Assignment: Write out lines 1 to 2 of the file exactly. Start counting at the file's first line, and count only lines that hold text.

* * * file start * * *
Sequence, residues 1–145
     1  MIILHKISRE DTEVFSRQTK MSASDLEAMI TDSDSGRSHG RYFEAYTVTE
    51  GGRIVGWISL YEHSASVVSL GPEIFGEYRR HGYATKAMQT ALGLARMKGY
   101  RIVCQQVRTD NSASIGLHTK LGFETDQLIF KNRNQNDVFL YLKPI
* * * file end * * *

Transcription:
Sequence, residues 1–145
     1  MIILHKISRE DTEVFSRQTK MSASDLEAMI TDSDSGRSHG RYFEAYTVTE